A Change of Heart: The Real Housewives Can Do Real Damage
Last December, I sat in my friend’s living room, glued to her television as we watched one of the last episodes of The Real Housewives of Beverly Hills. I was completely hooked on The Real Housewives series. I loved the characters and their loud, crazy, dramatic interactions with each other. I loved taking sides by celebrating some of the “housewives,” and vilifying others.
I would share the latest gossip with my friends on Twitter and Facebook: “Did you see how “crazy” Ramona was when she confronted Kelly on The Real Housewives of New York? Why is Camille Grammer (star of the Beverly Hills series) so evil and desperate?”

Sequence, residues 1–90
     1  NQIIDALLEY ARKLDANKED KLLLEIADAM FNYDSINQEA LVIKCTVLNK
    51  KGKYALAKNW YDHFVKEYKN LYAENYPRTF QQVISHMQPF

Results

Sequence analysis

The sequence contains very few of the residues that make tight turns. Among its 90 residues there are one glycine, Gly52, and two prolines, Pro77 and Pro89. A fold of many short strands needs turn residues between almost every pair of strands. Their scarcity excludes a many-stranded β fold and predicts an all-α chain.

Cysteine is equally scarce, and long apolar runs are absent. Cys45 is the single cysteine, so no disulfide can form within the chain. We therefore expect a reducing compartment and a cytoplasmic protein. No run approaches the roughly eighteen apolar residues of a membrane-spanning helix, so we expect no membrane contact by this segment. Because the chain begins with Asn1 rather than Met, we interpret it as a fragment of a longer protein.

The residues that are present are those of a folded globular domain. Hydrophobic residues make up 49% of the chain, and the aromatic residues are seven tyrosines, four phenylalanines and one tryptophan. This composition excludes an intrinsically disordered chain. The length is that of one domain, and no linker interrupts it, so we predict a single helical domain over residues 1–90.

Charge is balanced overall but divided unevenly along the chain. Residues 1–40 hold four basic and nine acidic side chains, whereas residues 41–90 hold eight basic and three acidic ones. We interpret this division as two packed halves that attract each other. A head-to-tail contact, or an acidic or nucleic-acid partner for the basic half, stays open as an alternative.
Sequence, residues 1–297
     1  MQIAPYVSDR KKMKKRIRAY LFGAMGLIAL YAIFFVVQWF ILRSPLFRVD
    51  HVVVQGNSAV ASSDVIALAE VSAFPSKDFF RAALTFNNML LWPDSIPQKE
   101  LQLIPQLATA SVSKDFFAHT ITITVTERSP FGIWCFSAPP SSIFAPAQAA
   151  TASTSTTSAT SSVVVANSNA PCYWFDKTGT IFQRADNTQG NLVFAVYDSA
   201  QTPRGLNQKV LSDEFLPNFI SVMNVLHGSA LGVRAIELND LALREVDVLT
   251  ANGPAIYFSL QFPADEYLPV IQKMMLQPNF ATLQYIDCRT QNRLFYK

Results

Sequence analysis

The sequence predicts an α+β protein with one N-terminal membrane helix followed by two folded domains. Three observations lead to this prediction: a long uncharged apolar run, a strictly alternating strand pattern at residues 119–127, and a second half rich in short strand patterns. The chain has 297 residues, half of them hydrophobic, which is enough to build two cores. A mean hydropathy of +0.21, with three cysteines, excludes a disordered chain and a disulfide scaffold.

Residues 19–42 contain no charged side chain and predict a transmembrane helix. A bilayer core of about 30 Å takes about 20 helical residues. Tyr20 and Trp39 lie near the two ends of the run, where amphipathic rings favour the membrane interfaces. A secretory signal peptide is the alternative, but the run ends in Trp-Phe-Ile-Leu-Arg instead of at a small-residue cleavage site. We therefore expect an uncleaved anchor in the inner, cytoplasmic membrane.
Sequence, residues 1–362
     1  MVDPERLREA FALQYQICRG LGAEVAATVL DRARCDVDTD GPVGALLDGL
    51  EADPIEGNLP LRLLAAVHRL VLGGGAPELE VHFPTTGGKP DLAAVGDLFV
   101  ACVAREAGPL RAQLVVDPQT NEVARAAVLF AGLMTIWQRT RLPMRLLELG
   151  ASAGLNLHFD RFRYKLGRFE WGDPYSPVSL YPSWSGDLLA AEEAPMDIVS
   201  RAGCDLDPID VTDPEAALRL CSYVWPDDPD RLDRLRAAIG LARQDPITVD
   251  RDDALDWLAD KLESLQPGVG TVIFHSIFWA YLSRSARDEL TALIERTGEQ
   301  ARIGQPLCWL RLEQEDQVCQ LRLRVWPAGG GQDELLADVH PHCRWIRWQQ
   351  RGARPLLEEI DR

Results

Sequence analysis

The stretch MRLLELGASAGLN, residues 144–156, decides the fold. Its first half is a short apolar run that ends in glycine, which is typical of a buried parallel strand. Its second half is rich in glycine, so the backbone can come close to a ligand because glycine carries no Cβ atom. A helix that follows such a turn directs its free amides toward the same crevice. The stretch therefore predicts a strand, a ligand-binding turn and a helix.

I saw The Real Housewives series, and other shows like it, as fun, accessible entertainment—escapism.
I was wrong.
Even though that Real Housewives viewing party happened just seven months ago, my days of celebrating and promoting the show are long gone. I can no longer stand to watch a program that—while brilliantly produced and written with respect to entertainment value—perpetuates a horrible stereotype about women: that they are hysterical, unhinged, and conniving.
I have realized that I can’t see reality shows like The Real Housewives as mindless, fun escapism anymore. These kinds of shows put women right into the gutter of a society where bias and discrimination against women are still strongly prevalent.